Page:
Similar species:
The Blue-faced Honeyeater is not easily mistaken for any other bird. Its golden-green upperparts and pure white underbody distinguish it from similarly sized species with similar behaviour, such as friarbirds, wattlebirds and miners.

Where does it live?
Distribution:
The Blue-faced Honeyeater is found in northern and eastern mainland Australia, from the Kimberley region, Western Australia to near Adelaide, South Australia, being more common in the north of its range. It is not found in central southern New South Wales or eastern Victoria. This species is also found in Papua New Guinea.

Habitat:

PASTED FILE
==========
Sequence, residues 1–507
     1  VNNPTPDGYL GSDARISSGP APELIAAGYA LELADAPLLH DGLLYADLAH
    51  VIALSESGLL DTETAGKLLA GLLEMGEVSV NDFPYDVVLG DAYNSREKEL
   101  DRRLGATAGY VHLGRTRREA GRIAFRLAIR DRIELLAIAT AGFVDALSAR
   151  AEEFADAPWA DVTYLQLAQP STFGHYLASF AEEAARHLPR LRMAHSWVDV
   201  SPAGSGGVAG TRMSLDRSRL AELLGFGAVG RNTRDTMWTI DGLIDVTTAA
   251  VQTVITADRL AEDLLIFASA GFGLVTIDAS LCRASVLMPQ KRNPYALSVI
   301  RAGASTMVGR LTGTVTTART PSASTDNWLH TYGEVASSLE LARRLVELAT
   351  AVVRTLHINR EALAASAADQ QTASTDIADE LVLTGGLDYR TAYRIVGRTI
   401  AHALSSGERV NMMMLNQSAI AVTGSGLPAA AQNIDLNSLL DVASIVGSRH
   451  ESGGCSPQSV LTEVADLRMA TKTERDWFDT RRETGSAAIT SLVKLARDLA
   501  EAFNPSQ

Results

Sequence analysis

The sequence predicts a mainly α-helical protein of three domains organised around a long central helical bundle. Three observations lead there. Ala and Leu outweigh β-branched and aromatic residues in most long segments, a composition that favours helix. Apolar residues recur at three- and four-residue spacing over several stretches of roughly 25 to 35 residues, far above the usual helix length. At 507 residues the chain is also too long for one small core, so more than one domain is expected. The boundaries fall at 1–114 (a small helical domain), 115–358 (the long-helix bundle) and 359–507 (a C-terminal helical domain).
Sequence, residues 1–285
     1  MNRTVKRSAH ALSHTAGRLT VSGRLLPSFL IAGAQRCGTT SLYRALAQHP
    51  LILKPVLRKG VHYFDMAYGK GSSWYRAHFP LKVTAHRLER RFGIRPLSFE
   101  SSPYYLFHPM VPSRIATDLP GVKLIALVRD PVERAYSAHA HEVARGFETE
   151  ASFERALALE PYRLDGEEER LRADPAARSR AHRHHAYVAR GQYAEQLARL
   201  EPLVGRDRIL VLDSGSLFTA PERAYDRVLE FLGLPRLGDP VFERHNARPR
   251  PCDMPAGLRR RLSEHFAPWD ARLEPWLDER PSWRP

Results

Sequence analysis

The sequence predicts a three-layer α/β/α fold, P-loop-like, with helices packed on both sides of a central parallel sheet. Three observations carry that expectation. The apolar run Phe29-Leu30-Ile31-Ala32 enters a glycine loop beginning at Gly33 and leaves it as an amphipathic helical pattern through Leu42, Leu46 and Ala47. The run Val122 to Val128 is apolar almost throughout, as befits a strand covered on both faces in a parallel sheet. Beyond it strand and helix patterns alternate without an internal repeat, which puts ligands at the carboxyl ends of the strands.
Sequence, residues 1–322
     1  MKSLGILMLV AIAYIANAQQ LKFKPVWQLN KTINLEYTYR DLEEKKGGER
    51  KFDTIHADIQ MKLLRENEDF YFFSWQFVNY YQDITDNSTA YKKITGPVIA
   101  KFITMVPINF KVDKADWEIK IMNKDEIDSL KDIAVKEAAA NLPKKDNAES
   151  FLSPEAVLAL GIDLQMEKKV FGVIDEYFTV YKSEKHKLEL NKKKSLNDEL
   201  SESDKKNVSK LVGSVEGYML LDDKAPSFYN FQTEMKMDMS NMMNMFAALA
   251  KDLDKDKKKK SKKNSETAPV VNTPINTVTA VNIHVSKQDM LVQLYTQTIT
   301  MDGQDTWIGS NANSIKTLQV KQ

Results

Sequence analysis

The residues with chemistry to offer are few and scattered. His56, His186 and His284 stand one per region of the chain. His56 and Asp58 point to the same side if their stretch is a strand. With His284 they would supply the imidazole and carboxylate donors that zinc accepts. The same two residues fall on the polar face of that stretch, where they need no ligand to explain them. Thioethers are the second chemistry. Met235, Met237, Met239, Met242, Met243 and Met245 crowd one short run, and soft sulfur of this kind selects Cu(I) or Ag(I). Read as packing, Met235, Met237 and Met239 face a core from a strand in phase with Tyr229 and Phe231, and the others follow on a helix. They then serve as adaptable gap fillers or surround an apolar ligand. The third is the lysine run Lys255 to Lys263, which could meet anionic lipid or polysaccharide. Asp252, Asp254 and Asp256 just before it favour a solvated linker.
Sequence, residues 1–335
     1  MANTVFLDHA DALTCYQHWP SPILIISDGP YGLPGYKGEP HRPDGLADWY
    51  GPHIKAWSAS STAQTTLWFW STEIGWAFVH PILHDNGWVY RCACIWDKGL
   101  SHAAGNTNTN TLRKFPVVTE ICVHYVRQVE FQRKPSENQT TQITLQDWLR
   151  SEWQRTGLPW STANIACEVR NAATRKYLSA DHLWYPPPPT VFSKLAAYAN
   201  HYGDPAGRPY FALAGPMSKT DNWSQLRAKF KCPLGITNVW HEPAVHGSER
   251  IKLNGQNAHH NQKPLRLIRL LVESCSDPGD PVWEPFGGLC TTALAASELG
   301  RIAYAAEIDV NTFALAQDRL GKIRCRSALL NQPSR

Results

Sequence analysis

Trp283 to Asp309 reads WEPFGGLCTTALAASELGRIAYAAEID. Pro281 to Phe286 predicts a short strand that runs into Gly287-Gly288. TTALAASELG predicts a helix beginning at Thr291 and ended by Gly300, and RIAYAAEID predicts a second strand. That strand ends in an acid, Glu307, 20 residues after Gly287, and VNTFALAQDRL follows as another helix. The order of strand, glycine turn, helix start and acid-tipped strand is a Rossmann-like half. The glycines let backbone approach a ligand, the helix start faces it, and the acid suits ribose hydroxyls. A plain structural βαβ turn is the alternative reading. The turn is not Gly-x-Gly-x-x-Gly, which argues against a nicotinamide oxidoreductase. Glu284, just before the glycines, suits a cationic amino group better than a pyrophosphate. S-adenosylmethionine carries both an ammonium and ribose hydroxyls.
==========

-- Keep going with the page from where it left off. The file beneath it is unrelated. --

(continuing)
The Blue-faced Honeyeater is found in tropical, sub-tropical and wetter temperate or semi-arid zones. It is mostly found in open forests and woodlands close to water, as well as monsoon forests, mangroves and coastal heathlands. It is often seen in banana plantations, orchards, farm lands and in urban parks, gardens and golf courses.

Seasonal movements:
Considered sedentary in the north of its range, and locally nomadic in the south. Some regular seasonal movements observed in parts of New South Wales and southern Queensland.

What does it do?
Feeding:
The Blue-faced Honeyeater feeds mostly on insects and other invertebrates, but also eats nectar and fruit from native and exotic plants. It forages in pairs or noisy flocks of up to seven birds (occasionally many more) on the bark and limbs of trees, as well as on flowers and foliage. These flocks tend to exclude other birds from the feeding area, but they do feed in association with other species such as Yellow-throated Miners and Little Friarbirds.

Breeding: